- 1 Ali asks: “Can you explain the difference between Cage free, free range, and pasture raised chicken and eggs?”
- 2 Conventionally-raised chickens
- 3 Cage Free Chickens
- 4 Chicken Tractors
- 5 Pasture Raised Chickens
- 6 How to find pasture-raised eggs and meat
Ali asks: “Can you explain the difference between Cage free, free range, and pasture raised chicken and eggs?”
Unfortunately, the truth is that there are many conventional
farmers manufacturers who are very unethical and are working the system to get what they want. While the “spirit” of the various labels are promoted, the laws are very loose and provide loopholes for getting around the labels. Also, note that any of these can be “organic.”
To start this explanation, it’s best to compare it to the conventionally-raised laying hen, i.e. the most common method for producing the grocery-store egg. Conventional hens are caged hens. Hens are kept in cages large enough to house 3 or 4 hens. The cage is made of wire and slopes so that when the hen lays her eggs, the egg rolls down the cage and out onto a belt that conveys the egg to the egg collection station.
The hens don’t have room to spread their wings or move around. They are so crowded that they often start pecking and eating each other to death. Hence why it becomes necessary to cut off the pointy part of the beak.
These birds are also fed all sorts of horrific things such as other dead chickens, dead cows, litter, plastic and of course GMOs and all sorts of antibiotics to keep them sort of alive.
Caged chickens tend to be unhealthy, stressed out and die quickly. Hence why there has been a movement towards cage free egg layers.
Cage Free Chickens
Meat birds are always cage free and are raised in houses. Cage free covers everything that isn’t in a cage and therefore isn’t very specific.
Most cage free egg layers often live in the same exact quarters that their cage predecessors were in. The
farmer manufacturer simply took the cages out. Like the caged birds, they are usually packed so tightly together that they still peck each other to death and become cannabilistic.
Free Range Chickens
The idea of the free range chicken is that they are supposed to have more room to run around and be chickens. Most people think of free range birds as birds outside on pasture. Those ARE free range birds, however free range are ALSO birds raised in cage free houses (such as the one pictured above) who have doors accessing dirt lots of a certain size per bird. Free range is a very wide category encompassing everything from a nearly confined animal operation to chickens merrily chasing grasshoppers in a green field.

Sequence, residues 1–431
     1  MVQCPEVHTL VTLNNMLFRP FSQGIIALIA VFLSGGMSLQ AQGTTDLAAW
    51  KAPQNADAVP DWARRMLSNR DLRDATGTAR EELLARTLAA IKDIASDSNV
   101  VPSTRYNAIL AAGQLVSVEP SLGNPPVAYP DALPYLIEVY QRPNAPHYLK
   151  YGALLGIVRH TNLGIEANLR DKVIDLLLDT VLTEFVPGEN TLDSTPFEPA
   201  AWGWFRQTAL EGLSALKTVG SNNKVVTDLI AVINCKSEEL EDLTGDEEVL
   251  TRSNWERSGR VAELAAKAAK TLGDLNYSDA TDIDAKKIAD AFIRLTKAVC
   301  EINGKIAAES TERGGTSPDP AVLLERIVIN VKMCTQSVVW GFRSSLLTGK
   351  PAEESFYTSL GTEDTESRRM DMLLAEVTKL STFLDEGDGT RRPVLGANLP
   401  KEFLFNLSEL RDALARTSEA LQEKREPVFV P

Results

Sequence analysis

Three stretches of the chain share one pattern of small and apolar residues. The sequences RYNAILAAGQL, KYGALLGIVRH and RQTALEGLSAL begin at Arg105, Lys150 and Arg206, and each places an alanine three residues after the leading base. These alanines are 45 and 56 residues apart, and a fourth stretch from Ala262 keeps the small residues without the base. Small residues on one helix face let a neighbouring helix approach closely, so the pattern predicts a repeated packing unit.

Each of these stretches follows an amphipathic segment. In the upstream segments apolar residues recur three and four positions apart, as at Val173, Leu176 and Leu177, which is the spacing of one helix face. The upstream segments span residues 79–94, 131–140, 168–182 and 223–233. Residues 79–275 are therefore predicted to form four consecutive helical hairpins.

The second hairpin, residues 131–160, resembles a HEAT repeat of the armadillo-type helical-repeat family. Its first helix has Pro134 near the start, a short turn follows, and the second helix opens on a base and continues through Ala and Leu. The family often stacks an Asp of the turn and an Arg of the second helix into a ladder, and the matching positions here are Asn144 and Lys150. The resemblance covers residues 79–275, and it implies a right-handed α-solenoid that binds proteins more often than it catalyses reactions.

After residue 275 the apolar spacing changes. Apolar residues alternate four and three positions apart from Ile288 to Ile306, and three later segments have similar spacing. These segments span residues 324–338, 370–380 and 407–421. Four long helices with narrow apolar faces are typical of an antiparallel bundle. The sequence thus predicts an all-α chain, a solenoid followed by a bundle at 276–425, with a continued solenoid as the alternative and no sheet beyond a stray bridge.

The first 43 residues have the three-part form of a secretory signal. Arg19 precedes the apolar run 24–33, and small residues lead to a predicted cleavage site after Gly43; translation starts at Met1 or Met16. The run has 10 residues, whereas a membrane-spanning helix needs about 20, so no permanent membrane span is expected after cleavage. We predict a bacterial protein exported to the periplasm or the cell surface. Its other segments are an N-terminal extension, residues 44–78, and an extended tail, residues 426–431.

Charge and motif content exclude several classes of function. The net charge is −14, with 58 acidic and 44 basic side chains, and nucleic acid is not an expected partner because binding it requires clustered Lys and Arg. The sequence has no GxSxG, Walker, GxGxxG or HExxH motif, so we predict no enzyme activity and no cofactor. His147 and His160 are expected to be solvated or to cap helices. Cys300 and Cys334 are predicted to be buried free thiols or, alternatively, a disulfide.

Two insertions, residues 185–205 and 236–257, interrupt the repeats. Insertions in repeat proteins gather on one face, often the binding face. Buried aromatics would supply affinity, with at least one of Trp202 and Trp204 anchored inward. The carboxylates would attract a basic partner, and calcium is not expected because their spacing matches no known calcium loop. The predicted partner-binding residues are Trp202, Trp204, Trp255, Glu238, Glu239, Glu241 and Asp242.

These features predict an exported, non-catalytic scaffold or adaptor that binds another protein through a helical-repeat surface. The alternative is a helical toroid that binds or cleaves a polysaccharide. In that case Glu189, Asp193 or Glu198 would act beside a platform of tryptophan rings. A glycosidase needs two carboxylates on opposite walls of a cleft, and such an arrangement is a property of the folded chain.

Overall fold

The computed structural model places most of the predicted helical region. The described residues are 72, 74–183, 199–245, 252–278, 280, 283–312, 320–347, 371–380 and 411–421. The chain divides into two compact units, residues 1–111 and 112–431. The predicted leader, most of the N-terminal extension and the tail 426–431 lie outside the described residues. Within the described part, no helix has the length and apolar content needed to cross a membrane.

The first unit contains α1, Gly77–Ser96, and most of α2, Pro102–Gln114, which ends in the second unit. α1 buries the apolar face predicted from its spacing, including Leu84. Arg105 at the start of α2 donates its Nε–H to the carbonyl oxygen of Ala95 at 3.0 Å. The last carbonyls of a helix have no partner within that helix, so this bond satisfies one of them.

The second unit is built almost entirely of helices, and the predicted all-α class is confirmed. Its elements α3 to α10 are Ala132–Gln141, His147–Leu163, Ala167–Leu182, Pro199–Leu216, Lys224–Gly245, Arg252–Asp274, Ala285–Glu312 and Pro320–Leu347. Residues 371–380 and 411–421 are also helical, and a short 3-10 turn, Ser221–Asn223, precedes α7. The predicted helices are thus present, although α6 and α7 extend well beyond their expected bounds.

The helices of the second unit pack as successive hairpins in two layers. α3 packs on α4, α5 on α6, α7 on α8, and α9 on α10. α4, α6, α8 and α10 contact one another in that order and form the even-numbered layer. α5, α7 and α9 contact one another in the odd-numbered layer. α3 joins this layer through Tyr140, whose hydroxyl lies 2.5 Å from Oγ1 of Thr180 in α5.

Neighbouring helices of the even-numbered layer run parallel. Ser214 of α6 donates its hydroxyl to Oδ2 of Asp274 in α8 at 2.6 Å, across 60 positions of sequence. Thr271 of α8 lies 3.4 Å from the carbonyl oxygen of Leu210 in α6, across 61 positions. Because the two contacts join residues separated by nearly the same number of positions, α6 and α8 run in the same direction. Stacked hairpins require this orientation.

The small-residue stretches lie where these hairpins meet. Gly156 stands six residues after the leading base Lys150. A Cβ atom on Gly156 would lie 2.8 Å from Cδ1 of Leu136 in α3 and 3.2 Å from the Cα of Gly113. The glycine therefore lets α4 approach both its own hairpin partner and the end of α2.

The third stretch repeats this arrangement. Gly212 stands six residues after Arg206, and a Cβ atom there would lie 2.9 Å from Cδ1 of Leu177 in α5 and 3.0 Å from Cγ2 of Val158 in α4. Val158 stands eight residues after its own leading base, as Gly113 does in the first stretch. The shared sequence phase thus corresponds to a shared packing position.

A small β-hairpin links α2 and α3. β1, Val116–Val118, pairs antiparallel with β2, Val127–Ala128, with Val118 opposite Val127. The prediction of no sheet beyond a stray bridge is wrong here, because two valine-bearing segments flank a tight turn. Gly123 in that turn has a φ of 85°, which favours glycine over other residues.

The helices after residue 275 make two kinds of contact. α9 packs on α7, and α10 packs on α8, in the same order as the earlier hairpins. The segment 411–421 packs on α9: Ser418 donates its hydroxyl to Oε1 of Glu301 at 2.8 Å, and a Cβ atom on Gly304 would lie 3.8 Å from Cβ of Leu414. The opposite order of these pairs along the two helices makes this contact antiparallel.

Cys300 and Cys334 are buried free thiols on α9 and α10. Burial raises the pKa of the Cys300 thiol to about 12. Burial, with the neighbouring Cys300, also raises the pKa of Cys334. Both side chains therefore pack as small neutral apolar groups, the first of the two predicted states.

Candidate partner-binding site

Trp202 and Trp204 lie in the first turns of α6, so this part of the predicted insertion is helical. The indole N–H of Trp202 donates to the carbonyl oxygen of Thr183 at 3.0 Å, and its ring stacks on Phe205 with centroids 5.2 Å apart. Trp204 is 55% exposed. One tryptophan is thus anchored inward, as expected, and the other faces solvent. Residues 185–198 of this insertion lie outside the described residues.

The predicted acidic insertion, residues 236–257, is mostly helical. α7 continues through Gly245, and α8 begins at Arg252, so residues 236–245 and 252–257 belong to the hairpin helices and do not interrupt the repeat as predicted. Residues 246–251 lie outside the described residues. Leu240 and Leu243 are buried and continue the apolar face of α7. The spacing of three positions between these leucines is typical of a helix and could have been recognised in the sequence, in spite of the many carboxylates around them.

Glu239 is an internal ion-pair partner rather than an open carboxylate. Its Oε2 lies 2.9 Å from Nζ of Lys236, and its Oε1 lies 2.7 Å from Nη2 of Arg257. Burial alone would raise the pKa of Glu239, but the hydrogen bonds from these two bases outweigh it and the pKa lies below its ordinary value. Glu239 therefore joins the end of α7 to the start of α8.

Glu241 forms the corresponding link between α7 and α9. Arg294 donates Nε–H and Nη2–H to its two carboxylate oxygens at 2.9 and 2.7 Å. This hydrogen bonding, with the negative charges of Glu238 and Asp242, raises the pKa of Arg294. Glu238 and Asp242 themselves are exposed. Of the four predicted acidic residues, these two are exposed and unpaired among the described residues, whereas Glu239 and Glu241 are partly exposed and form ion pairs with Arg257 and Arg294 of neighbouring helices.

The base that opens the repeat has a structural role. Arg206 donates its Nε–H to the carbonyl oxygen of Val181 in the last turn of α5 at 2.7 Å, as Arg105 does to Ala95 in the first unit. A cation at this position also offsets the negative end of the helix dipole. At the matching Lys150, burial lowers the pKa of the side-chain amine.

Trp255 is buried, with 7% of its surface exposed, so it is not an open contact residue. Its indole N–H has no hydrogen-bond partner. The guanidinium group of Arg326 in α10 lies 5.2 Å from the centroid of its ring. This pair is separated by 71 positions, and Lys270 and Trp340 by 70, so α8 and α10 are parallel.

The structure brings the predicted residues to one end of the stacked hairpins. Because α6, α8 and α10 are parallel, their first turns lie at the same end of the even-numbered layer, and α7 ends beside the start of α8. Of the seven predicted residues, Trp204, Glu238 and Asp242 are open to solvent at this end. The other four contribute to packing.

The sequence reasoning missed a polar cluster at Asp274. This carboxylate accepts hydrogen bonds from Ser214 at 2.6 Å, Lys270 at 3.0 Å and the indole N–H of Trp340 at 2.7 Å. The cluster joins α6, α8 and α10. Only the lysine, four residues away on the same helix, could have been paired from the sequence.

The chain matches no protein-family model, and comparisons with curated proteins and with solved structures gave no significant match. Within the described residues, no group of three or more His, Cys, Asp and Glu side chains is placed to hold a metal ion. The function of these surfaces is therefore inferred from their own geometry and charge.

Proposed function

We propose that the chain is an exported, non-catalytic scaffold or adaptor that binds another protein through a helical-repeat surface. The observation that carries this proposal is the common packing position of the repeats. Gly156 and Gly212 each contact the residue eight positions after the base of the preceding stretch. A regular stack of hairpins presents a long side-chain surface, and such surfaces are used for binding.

Free-range birds live in houses like their cage-free brethren, but they must have “access to the outdoors” for 51 percent of their lives. The key word here is “access.” There are doors in the chicken house that are opened after the chickens have grown accustomed to their surroundings.
I asked a free-range farmer at my local farmers’ market if these chickens actually go outside, and he said they almost never do since they feel safer with what they know and feel no compulsion to explore when their food and water are in the house. The USDA’s Federal Safety and Inspection Service notes the problem of free-range growers being certified as such “regardless of whether the birds use the yard.”–http://www.blogher.com/eggs-1
Salatin style chicken tractors are a pasture-raised confined chicken operation. These birds are on pasture 24 hrs a day and get to act like chickens-scratching and eating bugs. However, they are still confined with their “cage” being moved once per day to fresh grass. Generally these are only cornish cross meat birds (broilers) who grow so big and fast (and are so stupid) they can’t handle running around on pasture. The chicken tractors keep them safe while also seemingly keeping them happy and healthy. Note though that chicken tractors are ONLY used for meat chickens. Egg layers are still free in the pasture.
Pasture Raised Chickens
It seems like an overall rule that the thing that makes us the most happy is the least safe. Chickens are the absolute happiest and healthiest when raised on pasture. However, they are the most likely to be eaten by predators and this is why many farmers don’t like true free ranged birds (still, being pecked to death by other chickens is pretty dangerous too).
Pastured eggs and meat are also the healthiest for us to eat. They have the highest level of vitamins and omega 3 fatty acids and the lowest levels of toxins and stress hormones as well as lower levels of cholesterol and saturated fat. Pastured chickens eat bugs and grass and are supplemented with grains. Pastured eggs have:
- 2/3 times more vitamin A
- 2 times more omega-3 fatty acids
- 3 times more vitamin E
- 4 to 6 times as much vitamin D
- 7 times more beta-carotene
How to find pasture-raised eggs and meat
- Find a farmers’ market. Don’t be afraid to ask a farmer where his hens live and what they eat. I kept asking egg farmers at our market if their chickens ate bugs until I found one who smiled knowingly and said “yes.”
- Check out eatwild.com for pasture-raised options near you.
- Localharvest.com is also a good resource.
- Make friends with a locavore or two in your city who can offer suggestions. Slow Food USA is a great place to start building a community.
- Keep your own egg-laying hens. Many cities permit one or more hens in urban areas, and the symbiotic relationship between the hens and garden is amazing. Here’s a source for non-GMO feed. —http://www.blogher.com/eggs-1
Have you ever considered eating pasture raised?
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